• When to travel ?

I visited in January. It was winter there. The temperatures were negative. But I enjoyed it. Being off season, I had most of the sites, for myself. The skies were blue and clear. April and May are ideal months to visit. All the trees would be flowering at that time.  The weather would be comfortable but it would be high tourist season also. ( You need to make your bookings, in advance.) August will be fruiting season, but it would be very hot also. So, the choice is yours.

  • Immigration policies.

The net has some reports which say that you need to declare your foreign currency at the time of arrival and departure too. You can not take more forex out, than you brought in. (Obviously).  But, nobody asked me to declare. The only document requested, apart from my passport was the print out of my e-visa. There is another report on net, which says that you must register yourself, for every night, you stay in any hotel. The hotel would do it for 3 USD per night.  The hotels, still do it, but nobody checked it for me, at the time of departure. I am not sure, if these rules are done away with now, but in case.. better to be ready.


  • How are the people ?

They are the sweetest, I have met. They are Very friendly, caring and hospitable. They will come forward to talk to you. I can assure you, that you will also have some pleasant experiences to cherish, for life. I will narrate few of mine, in this series.


And last.. IS IT SAFE ?


ABSOLUTELY … It is very safe to move around. There are special tourist police available at places of tourist places, in case you need any help. I would just narrate one incident. I wanted to see the night lighting at Bukhara, so my guide and I went for after dinner walk. We purposely walked the lanes and by lanes of Bukhara. I found many working young ladies walking back home (maybe after work.) They were relaxed and quiet comfortable to walk alone. I did not find, any groups of young chaps, chatting in any dark corner. Need I say more ?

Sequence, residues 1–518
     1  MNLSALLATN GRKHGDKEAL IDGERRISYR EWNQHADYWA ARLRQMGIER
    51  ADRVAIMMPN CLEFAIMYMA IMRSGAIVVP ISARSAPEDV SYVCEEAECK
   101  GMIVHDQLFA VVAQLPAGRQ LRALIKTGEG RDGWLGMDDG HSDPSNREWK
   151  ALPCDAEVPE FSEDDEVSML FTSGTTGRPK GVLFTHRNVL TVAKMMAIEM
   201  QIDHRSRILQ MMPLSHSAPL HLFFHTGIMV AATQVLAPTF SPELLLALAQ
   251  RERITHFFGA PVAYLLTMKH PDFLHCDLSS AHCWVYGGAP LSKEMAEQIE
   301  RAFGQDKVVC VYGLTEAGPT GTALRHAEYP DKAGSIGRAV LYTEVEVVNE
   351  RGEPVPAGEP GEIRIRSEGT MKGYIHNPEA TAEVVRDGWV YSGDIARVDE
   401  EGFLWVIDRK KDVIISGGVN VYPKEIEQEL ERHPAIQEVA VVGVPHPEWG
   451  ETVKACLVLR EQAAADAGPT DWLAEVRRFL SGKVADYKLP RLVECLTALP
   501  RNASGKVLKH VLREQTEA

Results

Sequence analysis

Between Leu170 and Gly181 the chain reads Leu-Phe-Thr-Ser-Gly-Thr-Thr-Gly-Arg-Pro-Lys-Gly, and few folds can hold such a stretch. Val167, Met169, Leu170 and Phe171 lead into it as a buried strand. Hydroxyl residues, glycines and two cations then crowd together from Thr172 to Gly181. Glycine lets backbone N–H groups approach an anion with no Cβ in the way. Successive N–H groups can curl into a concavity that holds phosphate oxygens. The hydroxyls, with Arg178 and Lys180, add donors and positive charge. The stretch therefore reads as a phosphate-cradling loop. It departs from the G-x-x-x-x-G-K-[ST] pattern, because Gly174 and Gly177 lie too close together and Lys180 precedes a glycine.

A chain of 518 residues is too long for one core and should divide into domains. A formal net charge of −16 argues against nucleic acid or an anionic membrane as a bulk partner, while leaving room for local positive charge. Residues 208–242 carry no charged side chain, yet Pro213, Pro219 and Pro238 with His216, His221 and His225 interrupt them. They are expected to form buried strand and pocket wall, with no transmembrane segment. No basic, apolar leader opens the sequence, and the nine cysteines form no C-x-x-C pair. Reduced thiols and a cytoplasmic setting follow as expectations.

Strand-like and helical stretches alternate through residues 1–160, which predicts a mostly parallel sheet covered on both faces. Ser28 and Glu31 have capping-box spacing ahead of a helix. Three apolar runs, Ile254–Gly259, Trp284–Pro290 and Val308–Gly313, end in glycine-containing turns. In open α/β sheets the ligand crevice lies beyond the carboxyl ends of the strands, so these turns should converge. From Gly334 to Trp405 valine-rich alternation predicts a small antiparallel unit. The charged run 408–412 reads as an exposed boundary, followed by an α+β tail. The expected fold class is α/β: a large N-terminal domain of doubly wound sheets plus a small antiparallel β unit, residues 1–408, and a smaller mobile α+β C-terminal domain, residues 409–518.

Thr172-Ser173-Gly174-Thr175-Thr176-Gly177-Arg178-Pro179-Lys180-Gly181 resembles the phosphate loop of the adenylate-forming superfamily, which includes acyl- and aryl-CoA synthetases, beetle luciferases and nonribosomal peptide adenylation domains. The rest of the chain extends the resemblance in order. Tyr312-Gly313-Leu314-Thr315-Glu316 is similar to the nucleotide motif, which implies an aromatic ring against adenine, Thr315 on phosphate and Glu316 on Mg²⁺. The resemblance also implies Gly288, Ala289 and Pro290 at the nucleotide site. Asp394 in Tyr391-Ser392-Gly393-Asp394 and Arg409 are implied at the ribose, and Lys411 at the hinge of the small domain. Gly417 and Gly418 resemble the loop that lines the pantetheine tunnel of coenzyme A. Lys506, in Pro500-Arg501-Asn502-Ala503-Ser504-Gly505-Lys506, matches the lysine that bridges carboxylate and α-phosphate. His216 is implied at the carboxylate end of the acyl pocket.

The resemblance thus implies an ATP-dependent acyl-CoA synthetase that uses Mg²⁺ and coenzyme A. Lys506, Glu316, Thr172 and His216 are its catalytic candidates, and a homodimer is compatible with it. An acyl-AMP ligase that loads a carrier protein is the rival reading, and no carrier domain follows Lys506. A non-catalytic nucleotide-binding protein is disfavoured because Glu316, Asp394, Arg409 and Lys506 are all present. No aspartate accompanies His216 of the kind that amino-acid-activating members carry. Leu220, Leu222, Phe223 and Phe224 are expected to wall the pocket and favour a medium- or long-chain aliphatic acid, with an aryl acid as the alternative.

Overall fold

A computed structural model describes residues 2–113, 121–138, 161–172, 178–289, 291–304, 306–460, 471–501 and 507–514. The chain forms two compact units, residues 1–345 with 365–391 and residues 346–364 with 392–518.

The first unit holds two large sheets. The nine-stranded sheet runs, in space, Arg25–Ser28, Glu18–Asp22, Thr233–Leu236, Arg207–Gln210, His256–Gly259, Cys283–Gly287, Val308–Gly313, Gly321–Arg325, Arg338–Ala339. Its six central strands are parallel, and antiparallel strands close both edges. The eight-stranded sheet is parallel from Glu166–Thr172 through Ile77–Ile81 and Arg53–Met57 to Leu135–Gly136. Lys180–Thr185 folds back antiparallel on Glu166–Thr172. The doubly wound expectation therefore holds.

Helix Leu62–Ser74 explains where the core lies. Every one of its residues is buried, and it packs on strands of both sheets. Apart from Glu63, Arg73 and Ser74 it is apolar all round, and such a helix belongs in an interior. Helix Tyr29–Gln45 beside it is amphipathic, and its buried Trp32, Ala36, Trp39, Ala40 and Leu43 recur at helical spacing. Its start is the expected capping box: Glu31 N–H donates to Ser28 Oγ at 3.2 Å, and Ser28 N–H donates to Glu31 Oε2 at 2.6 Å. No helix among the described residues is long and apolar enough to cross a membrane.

As there are many photographs to be uploaded, I am going to it is a phased manner. Bear with me. I travelled from Tashkent to Khiva, to Bukhara, To Samarkand and back to Tashkent. I Will write in this order. The photographs posted here are some random ones, will arrange them in subsequent posts. Enjoy !!

Methi Chakri (Baked version) Fenugreek leaves rolls




The ingredients are :-



  • 1) 1 ½ plain flour (maida), (you can even use whole meal flour.)
  • 2) 1 cup chopped methi (fenugreek) leaves and / or other green leaves of your choice,
  • 3) 3 tablespoon vegetable oil,
  • 4) ½ teaspoon baking powder,
  • 5) ½ teaspoon turmeric powder,
  • 6) 1 teaspoon red chili powder,
  • 7) 1 teaspoon roasted cumin powder,
  • 8) ½ teaspoon asafoetida,
  • 9) ½ teaspoon black pepper powder,
  • 10) ½ teaspoon sugar,
  • 11) salt to taste,
  • 12) Chat masala to sprinkle on top. (optional)





  • 1) Take flour in a bowl, add 2 tablespoon oil, salt and baking powder to it. Mix well.
  • 2) Adding little water, make a semi soft dough, cover and keep aside.
  • 3) Chop the leaves and add remaining oil, salt and all other ingredients, except chat masala. Mix well and keep aside.
  • 4) Preheat oven to 200 degrees centigrade.
  • 5) Knead the dough till smooth and make two portions. Roll out each portion to oblong shape. Thickness should be around 2 mm.
  • 6) By this time the methi leaves would have started releasing some juices. Divide the mixture into two parts. Spread one part over the rolled out dough. While spreading rub it with your fingers, so that the juices get absorbed in the dough.
  • 7) Start rolling the dough from one end. Keep on pressing while rolling so that the roll is very tight. Press the roll again and give it a round shape.
  • 8) Using a sharp knife, cut slices of the roll and lay them in a tray, lined with baking paper.
  • 9) Bake for 25 to 30 minutes, till golden.
  • 10) Cool in the tray itself and then sprinkle with chat masala (optional) and store in airtight box.
  • 11) Will keep for 8 to 10 days.



These chakris taste of methi leaves. Do taste great with tea. The same recipe can be used for other greens, of your choice.

I have added sesame seeds also, these are optional.